I bought my new U3 for 6500, sold for 10 years later for 5500. Bought new C3 for 17000, sold 10 years later for 15500. Yes tuning is 100 per year. Owning a grand is by far the cheapest of my hobbies.

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Originally Posted by malkin
...2 maggots on a load of manure being hauled through the town. They decided to jump off and make their way in the world. So they jumped and one landed in a dry dusty spot in the middle of the road and the other landed in the middle of a dead cat.

I loved this story.

But why all that to-do about dead cats ? What did the wretched animals do to deserve so much witchcraft ? You can't swing a dead cat anymore without hitting a Schrödinger !

Last edited by Vikendios; 01/10/22 04:28 PM.

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The one maggot landed on a fat cat."She had brains and personality"😃 That's one interpretation, I am sure there are many..


My piano's voice is my voice to God and the great unknown universe, and to those I love.In other words a hymn.That is all, but that is enough.Life goes on, despite pain and fear.Music is beautiful,life is beautiful.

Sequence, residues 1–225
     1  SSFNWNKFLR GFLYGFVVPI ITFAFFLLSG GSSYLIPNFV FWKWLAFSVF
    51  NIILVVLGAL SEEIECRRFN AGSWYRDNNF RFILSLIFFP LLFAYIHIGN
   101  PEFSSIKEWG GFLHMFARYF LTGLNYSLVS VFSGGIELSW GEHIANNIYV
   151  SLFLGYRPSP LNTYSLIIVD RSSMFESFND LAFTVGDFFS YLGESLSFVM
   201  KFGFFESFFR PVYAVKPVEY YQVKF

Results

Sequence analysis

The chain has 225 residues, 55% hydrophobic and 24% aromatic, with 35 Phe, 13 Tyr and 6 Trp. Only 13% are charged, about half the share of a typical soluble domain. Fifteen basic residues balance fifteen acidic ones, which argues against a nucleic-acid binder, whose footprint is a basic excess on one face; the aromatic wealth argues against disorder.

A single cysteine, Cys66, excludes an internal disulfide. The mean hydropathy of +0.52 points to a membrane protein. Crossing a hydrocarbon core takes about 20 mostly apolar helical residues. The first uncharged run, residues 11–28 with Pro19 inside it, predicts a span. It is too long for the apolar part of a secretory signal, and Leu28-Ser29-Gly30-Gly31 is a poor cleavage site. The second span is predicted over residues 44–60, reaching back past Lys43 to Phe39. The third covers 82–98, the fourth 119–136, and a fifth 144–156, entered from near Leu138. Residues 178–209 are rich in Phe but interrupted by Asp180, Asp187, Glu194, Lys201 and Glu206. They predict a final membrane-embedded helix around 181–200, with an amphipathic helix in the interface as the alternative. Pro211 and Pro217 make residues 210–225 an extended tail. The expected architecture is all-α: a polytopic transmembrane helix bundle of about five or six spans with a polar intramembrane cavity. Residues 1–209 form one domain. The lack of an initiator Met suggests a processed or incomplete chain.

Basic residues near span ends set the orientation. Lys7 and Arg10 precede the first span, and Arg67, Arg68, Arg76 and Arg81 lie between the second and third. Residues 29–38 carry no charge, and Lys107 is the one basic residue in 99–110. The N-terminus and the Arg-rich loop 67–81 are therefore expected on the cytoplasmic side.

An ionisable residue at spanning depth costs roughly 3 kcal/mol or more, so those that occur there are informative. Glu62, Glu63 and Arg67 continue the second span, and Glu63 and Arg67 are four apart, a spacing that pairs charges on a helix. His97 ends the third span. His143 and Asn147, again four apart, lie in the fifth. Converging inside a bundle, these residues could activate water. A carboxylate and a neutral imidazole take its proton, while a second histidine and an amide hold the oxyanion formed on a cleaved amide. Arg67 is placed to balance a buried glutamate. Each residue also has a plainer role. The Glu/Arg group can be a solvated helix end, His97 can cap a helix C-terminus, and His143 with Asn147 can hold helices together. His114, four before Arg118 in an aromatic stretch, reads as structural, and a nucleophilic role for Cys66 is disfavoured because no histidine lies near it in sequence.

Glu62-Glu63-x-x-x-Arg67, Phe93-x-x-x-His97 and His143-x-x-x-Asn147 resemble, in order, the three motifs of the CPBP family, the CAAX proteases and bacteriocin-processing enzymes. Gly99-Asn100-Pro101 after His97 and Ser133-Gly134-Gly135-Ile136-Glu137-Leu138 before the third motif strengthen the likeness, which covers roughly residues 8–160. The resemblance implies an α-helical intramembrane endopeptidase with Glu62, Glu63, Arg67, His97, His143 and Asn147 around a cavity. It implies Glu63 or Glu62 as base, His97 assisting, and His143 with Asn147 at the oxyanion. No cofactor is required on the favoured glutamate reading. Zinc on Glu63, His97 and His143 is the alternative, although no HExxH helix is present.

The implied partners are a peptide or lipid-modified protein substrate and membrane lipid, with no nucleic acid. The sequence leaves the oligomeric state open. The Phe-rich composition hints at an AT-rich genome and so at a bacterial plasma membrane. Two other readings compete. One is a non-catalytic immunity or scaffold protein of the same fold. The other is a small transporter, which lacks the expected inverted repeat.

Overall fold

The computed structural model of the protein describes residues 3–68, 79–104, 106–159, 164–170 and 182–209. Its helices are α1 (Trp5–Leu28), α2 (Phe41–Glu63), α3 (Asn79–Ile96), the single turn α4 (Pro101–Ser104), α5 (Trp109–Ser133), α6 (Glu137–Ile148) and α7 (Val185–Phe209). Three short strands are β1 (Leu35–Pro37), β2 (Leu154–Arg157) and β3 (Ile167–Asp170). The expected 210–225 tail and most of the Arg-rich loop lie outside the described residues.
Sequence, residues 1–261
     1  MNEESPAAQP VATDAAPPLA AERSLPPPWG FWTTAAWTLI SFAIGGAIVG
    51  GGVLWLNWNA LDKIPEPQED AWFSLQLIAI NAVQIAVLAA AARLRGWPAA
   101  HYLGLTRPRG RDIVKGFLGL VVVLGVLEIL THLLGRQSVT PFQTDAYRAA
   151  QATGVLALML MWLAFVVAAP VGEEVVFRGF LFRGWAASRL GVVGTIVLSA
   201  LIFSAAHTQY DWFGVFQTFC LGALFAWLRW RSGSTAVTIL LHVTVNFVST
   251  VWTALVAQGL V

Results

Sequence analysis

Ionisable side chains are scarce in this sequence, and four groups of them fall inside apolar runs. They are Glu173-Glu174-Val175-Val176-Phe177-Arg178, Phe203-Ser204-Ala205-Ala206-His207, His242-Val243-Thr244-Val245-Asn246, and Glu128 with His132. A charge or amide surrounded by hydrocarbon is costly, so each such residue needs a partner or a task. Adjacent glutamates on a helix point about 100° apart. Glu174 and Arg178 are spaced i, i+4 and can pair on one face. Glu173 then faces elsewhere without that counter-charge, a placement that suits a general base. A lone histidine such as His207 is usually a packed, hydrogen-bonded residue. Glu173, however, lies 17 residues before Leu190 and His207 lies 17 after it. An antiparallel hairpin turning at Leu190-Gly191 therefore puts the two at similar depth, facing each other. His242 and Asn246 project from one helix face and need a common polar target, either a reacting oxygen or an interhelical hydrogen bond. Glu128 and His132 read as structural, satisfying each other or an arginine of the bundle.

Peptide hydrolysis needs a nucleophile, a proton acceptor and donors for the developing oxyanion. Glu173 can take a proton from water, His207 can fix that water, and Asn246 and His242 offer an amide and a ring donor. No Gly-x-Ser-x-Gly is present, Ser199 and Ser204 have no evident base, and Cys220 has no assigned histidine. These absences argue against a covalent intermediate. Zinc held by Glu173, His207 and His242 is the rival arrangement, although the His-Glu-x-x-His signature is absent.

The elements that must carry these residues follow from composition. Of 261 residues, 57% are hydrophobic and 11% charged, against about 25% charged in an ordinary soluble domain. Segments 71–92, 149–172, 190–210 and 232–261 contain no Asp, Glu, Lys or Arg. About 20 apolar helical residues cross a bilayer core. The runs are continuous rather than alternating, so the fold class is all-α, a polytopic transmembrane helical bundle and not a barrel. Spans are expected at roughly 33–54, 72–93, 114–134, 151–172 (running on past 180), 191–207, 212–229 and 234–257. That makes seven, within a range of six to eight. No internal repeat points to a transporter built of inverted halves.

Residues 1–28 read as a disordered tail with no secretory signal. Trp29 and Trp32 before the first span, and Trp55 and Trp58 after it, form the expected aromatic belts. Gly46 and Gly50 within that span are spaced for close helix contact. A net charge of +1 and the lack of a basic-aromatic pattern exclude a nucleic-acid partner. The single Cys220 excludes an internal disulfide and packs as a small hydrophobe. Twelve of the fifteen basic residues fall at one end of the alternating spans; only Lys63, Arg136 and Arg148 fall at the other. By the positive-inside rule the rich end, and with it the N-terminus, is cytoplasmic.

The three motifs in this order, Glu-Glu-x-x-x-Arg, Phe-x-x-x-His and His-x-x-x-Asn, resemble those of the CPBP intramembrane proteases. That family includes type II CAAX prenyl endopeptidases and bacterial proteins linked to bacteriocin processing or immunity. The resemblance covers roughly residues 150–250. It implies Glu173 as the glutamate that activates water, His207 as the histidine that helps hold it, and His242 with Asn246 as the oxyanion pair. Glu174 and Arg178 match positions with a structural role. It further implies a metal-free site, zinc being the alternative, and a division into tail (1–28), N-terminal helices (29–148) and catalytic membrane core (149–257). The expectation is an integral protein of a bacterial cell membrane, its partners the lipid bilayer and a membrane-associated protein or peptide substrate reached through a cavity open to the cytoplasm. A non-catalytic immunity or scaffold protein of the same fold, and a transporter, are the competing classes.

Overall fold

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Schrodinger's cat was buzzing around in my memory.
https://en.wikipedia.org/wiki/Schr%C3%B6dinger%27s_cat


My piano's voice is my voice to God and the great unknown universe, and to those I love.In other words a hymn.That is all, but that is enough.Life goes on, despite pain and fear.Music is beautiful,life is beautiful.


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https://en.m.wikipedia.org/wiki/Schr%C3%B6dinger%27s_cat


My piano's voice is my voice to God and the great unknown universe, and to those I love.In other words a hymn.That is all, but that is enough.Life goes on, despite pain and fear.Music is beautiful,life is beautiful.


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I played for three years as a child, from ages 10 to 13. At the end I was starting to work on a Mozart piano concerto (K.459, F maj). I hated this piece with a passion, and still do. That hatred, and my fear of my piano teacher's high-pressure techniques, forced me to quit. My mother, who was once quite a good pianist, was horribly disappointed. But I was too traumatized to continue.